While gambling is becoming more and more accepted every day, and more states look to reap the financial windfall that comes with it, the ethical decisions made take on even more importance. One of the tougher questions involved with the gambling arms race is how to handle offers from offshore books to advertise with radio stations in a state where sports betting is not legalized. 

Multiple stations in states without legalized gambling, such as Texas and Florida, have partnerships with BetOnline to advertise their services. Radio stations can take advantage of these relationships in three main ways: commercials, on-air reads, and the station’s websites. For example, Bovada’s affiliate program allows for revenue sharing based on people clicking advertisements on a partner’s website and signing up with a new deposit. This is also the case for podcasts, such as one in Kansas that advertises with Bovada despite sports gambling not being legal there until later in 2022.

People are going to gamble, and it’s legal to do so. In full disclosure, I myself have utilized Bovada’s services for a number of years, even after online sports wagering became legal in my state of Indiana. As such, advertising a service that is legal within the state seems perfectly fine in the business sense, and I totally understand why a media entity would choose to accept an offer from an offshore book. However, there are two major factors that make it an ethical dilemma, neither of which can be ignored.

First, Americans may find it easy to deposit money with a book such as Bovada or BetOnline, but much more difficult to get their money back. While the UIGEA hasn’t been successful in stopping these books from accepting money, it has made it difficult–near impossible, in fact–for American financial institutions to accept funds directly from these companies. Therefore, most payouts have to take place either via a courier service, with a check that can take weeks to arrive, or via a cryptocurrency payout. For those who are either unwilling or not tech-savvy enough to go this route, it means waiting sometimes up to a month to receive that money versus a couple days with a state-licensed service.

The other major concern is the lack of protections involved with gambling in a state where legislation has been passed. For example, the state of Indiana drew up laws and regulations for companies licensed to operate within its borders that included protections for how bets are graded, what changes can be made to lines and when they can take place, and how a “bad line” is handled. They also require a portion of the revenues be put towards resources for those dealing with gambling addiction or compulsion issues.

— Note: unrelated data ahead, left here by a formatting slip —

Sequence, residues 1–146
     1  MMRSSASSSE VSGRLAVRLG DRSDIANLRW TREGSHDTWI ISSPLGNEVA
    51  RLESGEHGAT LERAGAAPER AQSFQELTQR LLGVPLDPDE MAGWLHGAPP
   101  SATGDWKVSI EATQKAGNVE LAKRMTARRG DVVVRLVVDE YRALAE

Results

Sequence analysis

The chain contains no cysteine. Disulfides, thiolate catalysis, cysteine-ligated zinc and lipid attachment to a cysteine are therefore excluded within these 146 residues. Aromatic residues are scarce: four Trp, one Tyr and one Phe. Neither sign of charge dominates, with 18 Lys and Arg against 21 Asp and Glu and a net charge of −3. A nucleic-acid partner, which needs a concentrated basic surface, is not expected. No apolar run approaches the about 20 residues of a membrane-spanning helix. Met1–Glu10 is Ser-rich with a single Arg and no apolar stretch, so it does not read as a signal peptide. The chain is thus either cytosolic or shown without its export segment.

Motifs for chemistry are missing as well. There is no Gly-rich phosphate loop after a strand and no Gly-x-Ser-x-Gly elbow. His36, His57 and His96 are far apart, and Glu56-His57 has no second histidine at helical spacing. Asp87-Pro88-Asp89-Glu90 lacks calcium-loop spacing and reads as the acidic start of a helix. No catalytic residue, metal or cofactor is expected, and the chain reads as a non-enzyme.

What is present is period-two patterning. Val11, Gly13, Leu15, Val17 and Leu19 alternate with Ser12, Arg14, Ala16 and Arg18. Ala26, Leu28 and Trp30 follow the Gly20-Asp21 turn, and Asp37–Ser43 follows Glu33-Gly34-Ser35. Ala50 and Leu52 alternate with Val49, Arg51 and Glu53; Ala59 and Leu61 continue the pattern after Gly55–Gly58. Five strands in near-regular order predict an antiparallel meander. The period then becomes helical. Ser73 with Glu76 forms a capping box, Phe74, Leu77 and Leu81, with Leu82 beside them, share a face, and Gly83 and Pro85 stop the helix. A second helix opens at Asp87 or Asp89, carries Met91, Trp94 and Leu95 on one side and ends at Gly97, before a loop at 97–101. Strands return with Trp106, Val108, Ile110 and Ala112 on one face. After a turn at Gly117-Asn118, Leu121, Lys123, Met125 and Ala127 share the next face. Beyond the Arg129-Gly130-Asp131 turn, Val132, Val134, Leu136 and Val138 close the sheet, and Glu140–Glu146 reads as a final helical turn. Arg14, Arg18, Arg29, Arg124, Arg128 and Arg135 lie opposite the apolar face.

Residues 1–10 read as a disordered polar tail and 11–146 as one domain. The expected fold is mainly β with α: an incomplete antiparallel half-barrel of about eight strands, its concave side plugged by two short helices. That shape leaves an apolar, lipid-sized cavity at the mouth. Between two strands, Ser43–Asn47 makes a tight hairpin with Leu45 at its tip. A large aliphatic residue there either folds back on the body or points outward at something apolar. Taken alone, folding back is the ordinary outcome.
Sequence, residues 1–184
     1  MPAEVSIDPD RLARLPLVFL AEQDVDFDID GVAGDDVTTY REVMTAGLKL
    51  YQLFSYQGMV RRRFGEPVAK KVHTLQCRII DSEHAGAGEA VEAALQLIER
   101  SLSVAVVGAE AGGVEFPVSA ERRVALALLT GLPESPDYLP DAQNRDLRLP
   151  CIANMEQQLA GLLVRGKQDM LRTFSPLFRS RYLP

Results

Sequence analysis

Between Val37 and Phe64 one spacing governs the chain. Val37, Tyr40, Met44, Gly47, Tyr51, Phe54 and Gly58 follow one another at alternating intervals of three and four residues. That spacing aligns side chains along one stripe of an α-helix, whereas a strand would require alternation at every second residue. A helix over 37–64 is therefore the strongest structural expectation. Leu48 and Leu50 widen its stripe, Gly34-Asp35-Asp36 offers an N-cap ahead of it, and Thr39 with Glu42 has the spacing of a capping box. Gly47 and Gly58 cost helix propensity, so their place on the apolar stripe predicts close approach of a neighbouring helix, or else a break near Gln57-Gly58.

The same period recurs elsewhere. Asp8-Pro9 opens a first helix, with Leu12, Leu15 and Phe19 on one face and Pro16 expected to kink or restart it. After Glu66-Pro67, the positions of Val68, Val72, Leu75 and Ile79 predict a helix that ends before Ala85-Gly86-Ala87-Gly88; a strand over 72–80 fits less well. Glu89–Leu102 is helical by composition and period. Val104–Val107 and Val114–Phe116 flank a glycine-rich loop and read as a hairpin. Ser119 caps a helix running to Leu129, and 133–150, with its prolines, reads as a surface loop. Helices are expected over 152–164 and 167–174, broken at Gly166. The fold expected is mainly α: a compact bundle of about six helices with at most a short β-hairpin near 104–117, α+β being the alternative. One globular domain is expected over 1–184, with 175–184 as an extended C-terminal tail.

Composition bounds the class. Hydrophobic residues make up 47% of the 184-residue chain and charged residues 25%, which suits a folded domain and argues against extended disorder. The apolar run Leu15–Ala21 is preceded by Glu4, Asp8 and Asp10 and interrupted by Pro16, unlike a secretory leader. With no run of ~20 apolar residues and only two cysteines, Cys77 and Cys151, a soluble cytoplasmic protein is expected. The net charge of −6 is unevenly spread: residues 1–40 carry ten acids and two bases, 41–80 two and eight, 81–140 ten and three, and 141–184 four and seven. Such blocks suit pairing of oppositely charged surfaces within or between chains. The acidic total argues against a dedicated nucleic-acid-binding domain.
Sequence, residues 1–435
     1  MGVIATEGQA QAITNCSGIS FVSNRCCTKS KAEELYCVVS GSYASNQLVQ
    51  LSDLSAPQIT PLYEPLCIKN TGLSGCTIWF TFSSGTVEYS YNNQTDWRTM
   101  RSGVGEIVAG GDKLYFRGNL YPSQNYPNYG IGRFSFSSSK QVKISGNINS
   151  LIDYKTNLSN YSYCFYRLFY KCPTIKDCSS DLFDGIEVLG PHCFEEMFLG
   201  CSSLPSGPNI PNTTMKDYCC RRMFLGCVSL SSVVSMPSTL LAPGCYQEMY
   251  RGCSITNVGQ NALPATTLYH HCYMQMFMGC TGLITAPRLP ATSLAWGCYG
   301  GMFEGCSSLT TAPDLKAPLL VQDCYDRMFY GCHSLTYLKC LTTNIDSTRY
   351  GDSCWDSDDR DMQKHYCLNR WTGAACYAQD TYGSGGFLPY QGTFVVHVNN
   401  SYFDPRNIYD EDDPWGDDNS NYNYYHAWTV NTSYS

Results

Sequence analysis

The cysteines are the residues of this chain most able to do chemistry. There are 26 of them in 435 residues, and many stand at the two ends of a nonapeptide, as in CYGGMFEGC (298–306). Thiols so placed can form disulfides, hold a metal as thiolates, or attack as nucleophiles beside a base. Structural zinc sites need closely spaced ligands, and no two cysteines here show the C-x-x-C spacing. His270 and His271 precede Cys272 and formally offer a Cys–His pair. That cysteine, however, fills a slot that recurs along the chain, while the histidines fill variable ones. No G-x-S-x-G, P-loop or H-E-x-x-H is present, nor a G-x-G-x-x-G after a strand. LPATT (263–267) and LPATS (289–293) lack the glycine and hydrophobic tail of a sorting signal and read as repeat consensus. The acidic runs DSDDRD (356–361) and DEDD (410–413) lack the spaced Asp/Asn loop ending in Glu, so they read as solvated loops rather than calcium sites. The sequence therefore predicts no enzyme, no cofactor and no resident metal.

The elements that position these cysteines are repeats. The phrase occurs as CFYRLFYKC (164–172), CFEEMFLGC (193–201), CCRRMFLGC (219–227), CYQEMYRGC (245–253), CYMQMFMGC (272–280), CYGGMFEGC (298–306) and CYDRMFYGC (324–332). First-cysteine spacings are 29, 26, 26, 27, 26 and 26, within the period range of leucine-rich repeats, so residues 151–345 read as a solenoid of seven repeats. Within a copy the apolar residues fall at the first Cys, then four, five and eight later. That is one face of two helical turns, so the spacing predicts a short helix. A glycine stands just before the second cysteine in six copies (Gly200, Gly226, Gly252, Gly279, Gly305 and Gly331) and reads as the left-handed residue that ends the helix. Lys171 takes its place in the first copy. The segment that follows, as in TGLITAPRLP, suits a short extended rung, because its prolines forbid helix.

None of those safeguards exist with an offshore book. While the books have to adhere to certain regulations, it’s much more loosely enforced. I’ve lost track of the number of times a book like Bovada has made somewhat shady decisions on what bets to honor as “wins”, and how they handle wagers on what they deem to be “bad lines” where they posted a mistake and users capitalized on it. Furthermore, not a single dime of the monies received go towards helping those dealing with addiction, and there are few steps taken by the offshore books to look for compulsive or addictive behaviors.  

As states look to move sports betting out of the shadows, the decision whether to take advertising dollars from offshore books seems to be an even larger gray area than ever before. Although it is perfectly legal to accept these funds when offered, it feels unethical to do so. There are moral obligations tied to accepting the money involved, especially given the lack of regulations and safeguards for players in addition to the limited resources for those who find themselves stuck in a situation they may struggle to escape. While it’s possible to take steps to educate listeners on these pitfalls, it simply feels irresponsible to encourage people to utilize these services given the risks involved, and the lack of protections in place.

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BSM Writers

Saban v. Jimbo Is WrestleMania for College Football Fans

Ryan Brown says the Nick Saban versus Jimbo Fisher feud is one made for pay-per-view and we have nearly five months to hype the match.

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Don Juan Moore/Getty Images

It was the day after I turned eleven that Hulk Hogan body slammed Andre ‘The Giant’. WrestleMania III filled 90,000 seats at the Pontiac Silverdome and the living room of one of the houses in my neighborhood. Real or fake, we didn’t care. Three decades later, Nick Saban versus Jimbo Fisher is 100% real and it is coming to a living room near you.